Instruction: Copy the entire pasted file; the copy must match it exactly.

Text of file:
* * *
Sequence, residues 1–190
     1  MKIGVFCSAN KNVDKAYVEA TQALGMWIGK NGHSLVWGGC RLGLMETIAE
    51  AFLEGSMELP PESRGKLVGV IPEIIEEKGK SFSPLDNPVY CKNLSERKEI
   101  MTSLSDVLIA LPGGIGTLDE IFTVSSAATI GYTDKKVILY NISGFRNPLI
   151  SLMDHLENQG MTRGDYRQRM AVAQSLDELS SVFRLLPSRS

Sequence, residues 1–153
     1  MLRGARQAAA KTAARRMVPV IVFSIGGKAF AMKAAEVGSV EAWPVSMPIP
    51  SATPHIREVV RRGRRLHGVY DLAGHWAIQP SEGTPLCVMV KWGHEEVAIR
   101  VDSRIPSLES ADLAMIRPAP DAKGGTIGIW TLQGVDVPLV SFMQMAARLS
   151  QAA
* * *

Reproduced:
Sequence, residues 1–190
     1  MKIGVFCSAN KNVDKAYVEA TQALGMWIGK NGHSLVWGGC RLGLMETIAE
    51  AFLEGSMELP PESRGKLVGV IPEIIEEKGK SFSPLDNPVY CKNLSERKEI
   101  MTSLSDVLIA LPGGIGTLDE IFTVSSAATI GYTDKKVILY NISGFRNPLI
   151  SLMDHLENQG MTRGDYRQRM AVAQSLDELS SVFRLLPSRS

Sequence, residues 1–153
     1  MLRGARQAAA KTAARRMVPV IVFSIGGKAF AMKAAEVGSV EAWPVSMPIP
    51  SATPHIREVV RRGRRLHGVY DLAGHWAIQP SEGTPLCVMV KWGHEEVAIR
   101  VDSRIPSLES ADLAMIRPAP DAKGGTIGIW TLQGVDVPLV SFMQMAARLS
   151  QAA